A well-intentioned friend was concerned that I shared too much in my monthly emails and that it might be better to be less honest about my struggles. Initially, I agreed, but upon further reflection, I thought that would be the wrong way to go.
The whole purpose of a newsletter, after all, is to have family and friends pray for my struggles. What may seem like over-sharing to some is genuine, heart-felt need for me. The setbacks and disappointments are a part of ministry life and it would do no good to put on a happy face and say everything is fine when it isn’t. I value my readers’ prayers, concern, love and interest for my family’s well-being.
Before we moved to Texas to start a new church, the son of my pastor in California sent me off with these prophetic words when I mentioned to him that, perhaps, this endeavor might go without many problems. “It’s my general understanding that these things never go easy,” he replied.
And, he was right!
Missionaries, church planters, evangelists, pastors—anyone who is dedicated to serving the Lord—will experience great difficulties.
When the apostles Paul and Barnabas healed a man on a missionary journey, the people thought they were gods and worshiped them. Then they changed their minds and stoned Paul leaving him for dead. Did he quit? Nope. He went right back into the city to preach the Gospel saying, “We must go through many hardships to enter the kingdom of God.” (Acts 14)
I read the testimony of a pastor who said that he and his wife cried every night for the first five years in their new church. Another man told me that he had to sell his house and move into an apartment because the church couldn’t support him financially.
Sometimes the hardships come from extended illnesses: Charles Spurgeon (1834-1892), considered the greatest preacher who ever lived, suffered from extreme depression and gout, describing it this way: “Imagine placing your foot in a vice and tightening the vice as far as it will go; then tighten it four more turns.” His wife Susannah became an invalid at age 33 and could seldom attend her husband’s services.
Troubles can also come from within the family home: William Carey’s wife Dolly refused to go with him to India but was pressured to go. Their 5-year-old died and the other children continually contracted tropical diseases while there. His wife started to go insane and constantly followed him down the street berating him, accusing him of having affairs with women, even threatening him with a knife. Finally, he had to keep her in a locked room. Carey is considered “The Father of Modern Missions.”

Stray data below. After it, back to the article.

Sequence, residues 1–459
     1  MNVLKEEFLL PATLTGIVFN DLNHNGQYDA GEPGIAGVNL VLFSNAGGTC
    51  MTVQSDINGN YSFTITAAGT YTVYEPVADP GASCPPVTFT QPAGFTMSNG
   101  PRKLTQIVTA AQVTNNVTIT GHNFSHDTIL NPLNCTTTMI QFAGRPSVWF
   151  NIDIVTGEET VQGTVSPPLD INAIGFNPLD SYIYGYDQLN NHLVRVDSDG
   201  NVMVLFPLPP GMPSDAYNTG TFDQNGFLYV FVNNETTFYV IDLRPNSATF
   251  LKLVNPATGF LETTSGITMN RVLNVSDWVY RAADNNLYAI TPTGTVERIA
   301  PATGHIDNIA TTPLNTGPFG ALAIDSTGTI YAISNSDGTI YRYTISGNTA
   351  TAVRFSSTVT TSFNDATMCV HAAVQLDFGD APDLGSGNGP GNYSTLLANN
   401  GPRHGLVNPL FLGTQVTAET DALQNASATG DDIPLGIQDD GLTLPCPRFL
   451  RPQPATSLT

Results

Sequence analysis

Molly, the wife of Methodist founder John Wesley, was so unhappy that she decided to make the famous evangelist’s life miserable as well. Because he was away often preaching to crowds of thousands in the open fields, she grew resentful of his long absences. She destroyed some of his writings, criticized him publicly and repeatedly accused him of adultery. On several occasions she left home, only returning after he begged her repeatedly. Although he had been unspeakably angry with her, he kept aiming at reconciliation.
But the home life was unhappy.
John Hampson of Manchester ‘once entered a room unannounced to find Molly dragging her husband across the floor by his hair.’ Finally, she left for good. “I did not forsake her, I did not dismiss her, I will not recall her,” Wesley noted in his journal.
How would we know about all these great men’s struggles if they didn’t share them?
Spurgeon said, “There is no University for a Christian like that of sorrow and trial.”
Ministry is hard, Satan is real, but Jesus is the same yesterday, today and forever. I hope to stay faithful despite the many challenges.
You, dear Christian, stay the course as well “for our light and momentary troubles are achieving for us an eternal glory that far outweighs them all. (2 Corinthians 4:17)
“Never give in. Never give in,” said Winston Churchill. “Never, never, never, never—in nothing, great or small, large or petty—never give in, except to convictions of honor and good sense. Never yield to force. Never yield to the apparently overwhelming might of the enemy. ”You won’t. I won’t. We can’t.